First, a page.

Another great resource is the National Institute on Aging. They offer a wide variety of helpful links on growing older at home and advocate planning ahead. It’s important to know what services and resources are available to you in your area.

ElderCare Locator is another handy tool available to you to have your questions answered about support services, transportation, elder rights, housing, benefits and insurance.

“Aging in place” could also mean moving to a smaller home or renovating a home to accommodate single level living. Talk with friends and family, or a professional guide (ElderCare Locator website) to discuss your concerns, questions, hopes and dreams for continuing to live in your own home.

 Needing Assistance as You Age

If you discover your needs don’t allow for independent living in your home, don’t fret. There are still plenty of options to choose from. Typically, you will need to think about your health, expenses, and lifestyle choices. Whether you’re looking for yourself or a loved one, understanding the different types of living solutions available can help you locate the best fit.

This Senior Living Spectrum grid is an interactive tool that references levels of care and supervision with cost and has a great deal of information about retirement living near you. They provide unbiased research from a team of experts to help seniors “age with grace.”

Downsizing your Memories

As you think about where you want to live, you’ll also need to start thinking about downsizing your belongings. It is an emotional process, which means it will be easier if you take time to do it rather than wait until the last minute. RetireGuide.com points out the ways to cope with these emotions. It also provides steps to make downsizing manageable.

Making the Choice that is Right for You

We know that this can feel like a huge decision to make and can be a stressful season in your life. So be sure to take advantage of the many resources available to you.  We would love to hear how these resources have helped you or let us know if you have a favorite that we didn’t list!

Whatever you decide, it’s important to remember to look for the people and professionals you are comfortable with, who will help make this season in your life a time to thrive!

Questions to Ask If You’re Thinking About Retirement

Making the decision to retire is not always an easy one, and many factors, including health, lifestyle, family concerns, and finances all need consideration. In the last half of 2020, more people retired than was expected due to the pandemic-fueled downturn in the economy. Not everyone was able to take the time to think carefully about this important event. If you have the luxury of planning ahead, spend some time answering these questions by yourself or with loved ones.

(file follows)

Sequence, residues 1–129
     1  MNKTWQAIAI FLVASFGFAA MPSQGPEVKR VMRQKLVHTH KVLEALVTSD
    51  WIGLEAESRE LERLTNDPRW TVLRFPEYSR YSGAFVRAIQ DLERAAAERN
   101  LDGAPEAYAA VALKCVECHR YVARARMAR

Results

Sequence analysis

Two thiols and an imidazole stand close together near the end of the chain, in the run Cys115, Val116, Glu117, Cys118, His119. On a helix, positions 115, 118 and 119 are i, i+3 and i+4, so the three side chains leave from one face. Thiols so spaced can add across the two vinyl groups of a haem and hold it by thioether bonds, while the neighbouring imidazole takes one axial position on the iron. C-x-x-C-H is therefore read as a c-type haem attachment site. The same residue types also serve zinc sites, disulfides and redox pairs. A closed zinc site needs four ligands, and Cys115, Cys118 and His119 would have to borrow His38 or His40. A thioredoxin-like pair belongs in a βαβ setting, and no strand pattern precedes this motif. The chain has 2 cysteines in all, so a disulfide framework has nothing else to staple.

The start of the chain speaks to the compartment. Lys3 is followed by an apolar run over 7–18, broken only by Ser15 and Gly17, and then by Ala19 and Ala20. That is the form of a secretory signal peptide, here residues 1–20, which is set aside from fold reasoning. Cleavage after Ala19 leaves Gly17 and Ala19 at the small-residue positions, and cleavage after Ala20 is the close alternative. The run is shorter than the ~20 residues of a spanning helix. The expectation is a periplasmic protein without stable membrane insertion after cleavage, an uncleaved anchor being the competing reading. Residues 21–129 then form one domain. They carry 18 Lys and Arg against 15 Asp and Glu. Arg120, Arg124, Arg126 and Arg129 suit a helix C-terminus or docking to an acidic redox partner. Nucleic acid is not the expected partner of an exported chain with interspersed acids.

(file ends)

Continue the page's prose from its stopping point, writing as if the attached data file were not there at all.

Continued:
What does retirement look like to you?

Retirement is an important life transition, so it is a good time to evaluate what it is that you want going forward. Your very first question might be “what does retirement look like to me?” Are you hoping to spend more time with family? Do you expect to travel? Are you planning to move?

If you are shifting from a full-time career to not working at all, it will also be important to think about the kinds of activities you want to participate in to keep your mind focused and your body strong. Fortunately, even during the pandemic there are scores of resources for classes and programs that you can attend online. Check your local senior centers and community colleges for free and inexpensive options to learn something new. Give yourself some freedom to explore.

How Do You Want to Be Remembered?

Another thoughtful question from the U.S. News article linked above, is “how do you want to be remembered?” Giving thought to the legacy you want to leave behind will likely lead you to what you value most and help you set goals and priorities. Maybe you will volunteer, or write a memoir, teach your grandchildren to bake, or climb that mountain you’ve been thinking about for years. Whatever you set your sights on, take your time, and let it evolve into what it is you truly enjoy.

Retiring can also bring many health benefits such as a reduction in stress and having the time to eat well and exercise. In the words of an ancient Roman poet, “Good health and good sense are two of life’s greatest blessings.” If taking care of yourself hasn’t been a priority for awhile, making even small changes to your lifestyle, such as cooking at home more or walking each day, can bring you lasting results.

Prioritizing your health and contemplating what a life in retirement might look like for you can start anytime. The more you can plan ahead for this important life change, the more you can simplify some of the other decisions you will have to make along the way, regarding finances and retirement housing options. Exploring these questions can get you off to a good start.

Follow this blog for more information on planning for retirement in 2021.

Preparing to Downsize

Preparing to Downsize

At a certain point, because of retirement, health issues, or lifestyle preferences, many seniors consider downsizing their home. Sometimes, it is loved ones who initiate a conversation because of concerns for older adults’ safety or financial health. Being aware of the challenges you may face with this important decision can help you prepare for downsizing smoothly.

You’re Not Alone

Nearly 4 out of 10 retirees move, and just over half of those numbers are downsizing. Downsizing, even for positive reasons like moving to be closer to family, can be difficult because it represents how are lives are contracting, according to Gary W. Small, founding director of the University of California at Los Angeles Memory Clinic and director of the UCLA Center on Aging. Most of our lives we are building and growing, and downsizing represents a reversal of this trend.